IN A SAVAGE LAND IN A SAVAGE LAND IN A SAVAGE LAND
directed by Bill Bennett, written and produced by Bill and Jennifer Bennett, with Maya Stange, Martin Donovan and Rufus Sewell. 115 minutes. A TVA International production. Opens Friday (February 2). For venues and times, see First-Run Movies, page 65. Rating: NN in a savage land is three movies in one, and that spells disaster. The first is a Merchant-Ivoryish dissection of a marriage set against Papua New Guinea's erotic Trobriand Islands. We meet the couple in Australia, where Philip Spence (Martin Donovan) is an anthropology professor and Evelyn (newcomer Maya Stange) is his star pupil. Their courtship progresses swiftly, captured in gorgeous orange and mustard hues that help distract us from the opaqueness of the actors.
Then the Spences embark on a year-long mission to study the free-lovin' ways of the Trobriand women.
Here's where the film ought to get interesting. Plunking a conventional 1940s couple into the midst of a sexually free society could spark all sorts of trouble.
The problem is, the Spences aren't a realistic 40s couple. They're caricatures made to serve the revisionist goals of the filmmakers. He's a domineering jerk and she's a shrill, self-important feminist. He expects her to type his notes. She insists on doing her own research.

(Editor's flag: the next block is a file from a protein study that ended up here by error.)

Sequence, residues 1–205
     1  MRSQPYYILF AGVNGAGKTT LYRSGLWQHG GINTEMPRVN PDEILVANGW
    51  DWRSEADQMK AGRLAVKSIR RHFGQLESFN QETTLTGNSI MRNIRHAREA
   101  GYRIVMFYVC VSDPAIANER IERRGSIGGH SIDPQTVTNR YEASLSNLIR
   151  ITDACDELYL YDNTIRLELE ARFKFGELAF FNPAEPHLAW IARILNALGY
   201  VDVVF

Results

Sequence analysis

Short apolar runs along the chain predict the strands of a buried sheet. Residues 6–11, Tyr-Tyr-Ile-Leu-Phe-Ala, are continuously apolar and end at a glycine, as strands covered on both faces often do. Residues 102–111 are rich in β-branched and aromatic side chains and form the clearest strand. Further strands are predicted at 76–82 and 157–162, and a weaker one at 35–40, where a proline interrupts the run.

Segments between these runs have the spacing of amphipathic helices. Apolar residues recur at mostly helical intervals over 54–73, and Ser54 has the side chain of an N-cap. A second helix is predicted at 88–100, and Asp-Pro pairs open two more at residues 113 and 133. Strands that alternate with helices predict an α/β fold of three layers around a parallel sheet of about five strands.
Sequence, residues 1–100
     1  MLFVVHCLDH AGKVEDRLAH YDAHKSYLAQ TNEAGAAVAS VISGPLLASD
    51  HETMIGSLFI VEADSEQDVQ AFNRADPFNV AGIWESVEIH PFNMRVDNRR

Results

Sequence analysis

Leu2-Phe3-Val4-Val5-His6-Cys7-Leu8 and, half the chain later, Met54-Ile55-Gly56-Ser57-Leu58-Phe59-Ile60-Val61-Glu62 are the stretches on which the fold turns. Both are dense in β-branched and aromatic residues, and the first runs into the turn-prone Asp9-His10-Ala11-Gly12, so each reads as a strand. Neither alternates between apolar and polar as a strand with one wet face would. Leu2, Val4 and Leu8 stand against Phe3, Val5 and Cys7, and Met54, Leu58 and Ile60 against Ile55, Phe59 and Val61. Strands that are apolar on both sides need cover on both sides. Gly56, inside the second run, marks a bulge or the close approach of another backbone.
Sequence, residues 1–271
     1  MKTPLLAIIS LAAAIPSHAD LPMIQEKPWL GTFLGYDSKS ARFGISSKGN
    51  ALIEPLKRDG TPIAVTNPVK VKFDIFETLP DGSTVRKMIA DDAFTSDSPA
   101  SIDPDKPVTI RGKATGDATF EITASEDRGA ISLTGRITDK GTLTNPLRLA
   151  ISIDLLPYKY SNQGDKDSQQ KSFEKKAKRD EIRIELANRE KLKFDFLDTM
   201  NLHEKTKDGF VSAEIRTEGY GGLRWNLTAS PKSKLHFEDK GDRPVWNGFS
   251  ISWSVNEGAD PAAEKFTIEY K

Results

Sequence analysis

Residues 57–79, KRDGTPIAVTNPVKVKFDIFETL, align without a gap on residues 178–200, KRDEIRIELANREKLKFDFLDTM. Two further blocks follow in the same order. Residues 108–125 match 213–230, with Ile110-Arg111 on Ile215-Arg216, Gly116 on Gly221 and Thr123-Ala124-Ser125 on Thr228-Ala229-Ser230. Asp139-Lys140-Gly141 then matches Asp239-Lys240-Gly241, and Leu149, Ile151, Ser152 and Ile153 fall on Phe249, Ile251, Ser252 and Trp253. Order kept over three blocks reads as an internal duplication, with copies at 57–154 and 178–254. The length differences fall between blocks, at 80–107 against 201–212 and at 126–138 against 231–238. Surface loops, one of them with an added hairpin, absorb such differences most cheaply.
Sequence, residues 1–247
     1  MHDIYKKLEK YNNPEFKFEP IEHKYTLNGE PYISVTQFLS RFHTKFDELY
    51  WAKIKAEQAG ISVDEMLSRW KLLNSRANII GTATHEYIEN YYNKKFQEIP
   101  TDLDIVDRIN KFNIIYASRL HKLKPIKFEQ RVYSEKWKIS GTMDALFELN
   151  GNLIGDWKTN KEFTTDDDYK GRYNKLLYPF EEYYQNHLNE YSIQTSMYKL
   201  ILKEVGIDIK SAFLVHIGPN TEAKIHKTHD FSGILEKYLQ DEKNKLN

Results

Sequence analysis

In a telling scene, she's accused of self-interest by a pearl trader named Mick (Rufus Sewell). He's right: Evelyn just wants to prove herself, and never actually helps the villagers. It's too bad the filmmakers didn't pursue this idea -- they could have fleshed out a fascinating, three-dimensional character.
Instead, the Merchant-Ivory angle is abandoned in favour of a Harlequin romance. Evelyn is attracted to Mick for no obvious reason other than his dashing looks. She continues trying to be an anthropologist even though her stunning lack of judgment has already caused one tragedy.
Then the second world war, which has been mentioned in passing, like the weather, breaks out, and we're in a third movie about war-torn lovers.
Stange throws herself into the role with Oscar-bait abandon, indulging in the kind of righteous indignation that only Denzel Washington can pull off. Filmmakers have to realize that good roles for women involve more than just letting them cry, yell and be right all the time. KIM LINEKIN